Most pay deals aren’t freezes – which part of that is hard to understand?
For the past two years we have been pointing out that most workers have not had their pay frozen. Where the alternatives really have been pay freezes or redundancies, workers and their unions have agreed to go without a pay increase, but this has always been a minority experience – thank goodness. The latest figures from Incomes Data Services confirm this – just one pay deal in six is a freeze.
Ever since the start of the recession, most workers have still won small pay increases. What is true is that freezes have been more common and most workers have had below-inflation increases, so our standard of living has fallen in real terms.
Employer organisations and the newspapers have blown this up into the norm and it has been very difficult to get a hearing for a reality that only needed five minutes with the data to confirm.
Of course, bosses have an obvious interest in persuading us all that no-one else is getting a pay increase. For the media, the story has been slightly different – a belief that everyone else was suffering a freeze heightened the contrast with public sector workers who weren’t. Today, when public sector workers face redundancies and even lower pay increases thsan the rest of us, the myth of universal freezes is used to justify what is happening.
In February, Alastair Hatchett from IDS wrote an excellent guest post for us on “The Use and Abuse of Earnings Data“, pointing out that, in 2009:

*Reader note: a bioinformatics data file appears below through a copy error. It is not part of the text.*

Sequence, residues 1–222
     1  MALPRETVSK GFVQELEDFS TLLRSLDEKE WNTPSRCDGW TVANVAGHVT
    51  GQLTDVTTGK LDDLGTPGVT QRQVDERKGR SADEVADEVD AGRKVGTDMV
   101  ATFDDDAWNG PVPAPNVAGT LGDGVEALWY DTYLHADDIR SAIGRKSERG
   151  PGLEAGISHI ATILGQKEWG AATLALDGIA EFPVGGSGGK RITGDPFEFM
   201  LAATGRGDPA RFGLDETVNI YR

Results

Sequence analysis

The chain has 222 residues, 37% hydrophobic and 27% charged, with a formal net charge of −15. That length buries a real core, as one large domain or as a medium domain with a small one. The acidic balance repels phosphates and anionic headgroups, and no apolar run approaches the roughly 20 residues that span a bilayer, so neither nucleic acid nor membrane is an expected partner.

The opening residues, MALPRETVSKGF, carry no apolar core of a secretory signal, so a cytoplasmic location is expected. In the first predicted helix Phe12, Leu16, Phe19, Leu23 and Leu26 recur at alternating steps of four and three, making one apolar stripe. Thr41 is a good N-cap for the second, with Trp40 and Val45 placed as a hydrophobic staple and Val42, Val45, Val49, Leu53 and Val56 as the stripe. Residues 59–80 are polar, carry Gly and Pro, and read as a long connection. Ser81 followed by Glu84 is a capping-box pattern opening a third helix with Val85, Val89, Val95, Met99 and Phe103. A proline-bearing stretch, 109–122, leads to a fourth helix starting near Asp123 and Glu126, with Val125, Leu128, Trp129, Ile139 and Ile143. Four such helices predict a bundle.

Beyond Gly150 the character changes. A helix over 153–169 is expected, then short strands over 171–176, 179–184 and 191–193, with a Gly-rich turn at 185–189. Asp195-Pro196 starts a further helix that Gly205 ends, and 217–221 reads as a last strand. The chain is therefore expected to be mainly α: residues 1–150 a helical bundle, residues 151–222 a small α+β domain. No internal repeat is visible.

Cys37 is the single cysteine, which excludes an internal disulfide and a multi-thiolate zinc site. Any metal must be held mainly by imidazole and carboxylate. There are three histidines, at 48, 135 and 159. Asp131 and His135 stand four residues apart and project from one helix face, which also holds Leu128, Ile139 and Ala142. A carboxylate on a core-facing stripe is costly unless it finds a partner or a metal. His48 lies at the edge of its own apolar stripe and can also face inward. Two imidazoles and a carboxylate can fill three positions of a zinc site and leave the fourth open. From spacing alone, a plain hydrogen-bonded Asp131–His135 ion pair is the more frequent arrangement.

around one-third of companies had pay freezes – centred on manufacturing, construction and road and air transport. Elsewhere, in energy, finance, retailing and pharmaceutical there were rises for most people and the most common level of increase was around 2%.
Today’s report from IDS confirms this. Half of all companies didn’t freeze pay in either 2009 or 2010 – “pay freezes were never as widespread as initially portrayed.”
Finally, one newspaper seems to have noticed, so hats off to the Daily Express, which reports it straight:
PAY rises are more common than thought with workers continuing to receive increases despite harsh economic conditions …
But hats straight back on again for the Telegraph, which reported the same news with the headline
Pay freezes won’t thaw ‘for two years’
Their only reference to the proportion of employers freezing pay is to the 7 per cent freezing in both 2009 and 2010. Yes pay rises are low – we are in a recession, after all – but this year, once again, most workers will not have their pay frozen.
PS – congratulations to the campaigners from unions and London Citizens who have persuaded University College London to pay the living wage to its lowest-paid workers.